VICTOR OLIVIER GILSOUL (BELGIAN, 1867-1939)
Victor Gilsoul was born in Brussels, Belgium on September 10, 1867. He was a painter of landscapes, marines, urban sights, figures and architecture. He was also a watercolorist.
Gilsoul was a student at the Antwerp Academy of Fine Arts and was taught by the famed master teachers and artists, Francois Courtens and Louis Artan. He was awarded his first prize by the Academy in 1882.
Gilsoul's first exhibit was at the group show Voorwaarts in Belgium at the Brussels Salon in 1884. He continued to exhibit quite successfully at the Brussels Salon for sometime as well as at the famed Paris Salon and the Salon des Artistes Francais, also in Paris. In 1900, King Leopold II of Belgium honored Gilsoul and ordered a series of landscapes of Belgium for his private collection as well as several compositions for his yacht, “Alberta." That same year, he was awarded a silver medal at the Paris World's Fair and a gold medal in Munich.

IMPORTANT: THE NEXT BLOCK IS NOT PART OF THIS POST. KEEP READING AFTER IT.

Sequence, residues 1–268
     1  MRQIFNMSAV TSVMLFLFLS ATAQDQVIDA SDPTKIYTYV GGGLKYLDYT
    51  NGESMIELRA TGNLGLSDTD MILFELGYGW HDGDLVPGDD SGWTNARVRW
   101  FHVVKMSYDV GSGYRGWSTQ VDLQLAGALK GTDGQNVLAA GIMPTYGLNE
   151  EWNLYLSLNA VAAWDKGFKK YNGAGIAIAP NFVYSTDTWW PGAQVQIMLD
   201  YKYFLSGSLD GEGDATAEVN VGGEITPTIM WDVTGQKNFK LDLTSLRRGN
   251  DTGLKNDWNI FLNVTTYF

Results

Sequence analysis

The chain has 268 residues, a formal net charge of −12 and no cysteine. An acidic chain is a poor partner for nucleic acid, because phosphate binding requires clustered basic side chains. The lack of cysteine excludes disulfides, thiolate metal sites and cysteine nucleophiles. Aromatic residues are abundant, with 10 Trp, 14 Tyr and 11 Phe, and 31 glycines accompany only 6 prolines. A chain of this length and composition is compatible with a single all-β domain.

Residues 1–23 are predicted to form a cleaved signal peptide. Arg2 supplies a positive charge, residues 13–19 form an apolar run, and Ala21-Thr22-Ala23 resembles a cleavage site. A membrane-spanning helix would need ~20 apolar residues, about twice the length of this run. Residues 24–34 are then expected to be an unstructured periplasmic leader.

Gilsoul became a master teacher at the Antwerp Academy of Fine Arts (NHISKA) from 1924 through 1930. He was honored by the King of Belgium and awarded “Knight of the Order of Leopold."
Today, Gilsoul's works can be found in important public and private collections, worldwide, including the Musee Charlier, the Musee des Beaux Arts, the Town Hall in Brussels, the Antwerp Museum of Fine Arts, the Bruges Museum, the Petit Palais in Paris, and museums located in Mons, Namur, Ostende, Luxembourg, Barcelona, Brighton and Dordrecht.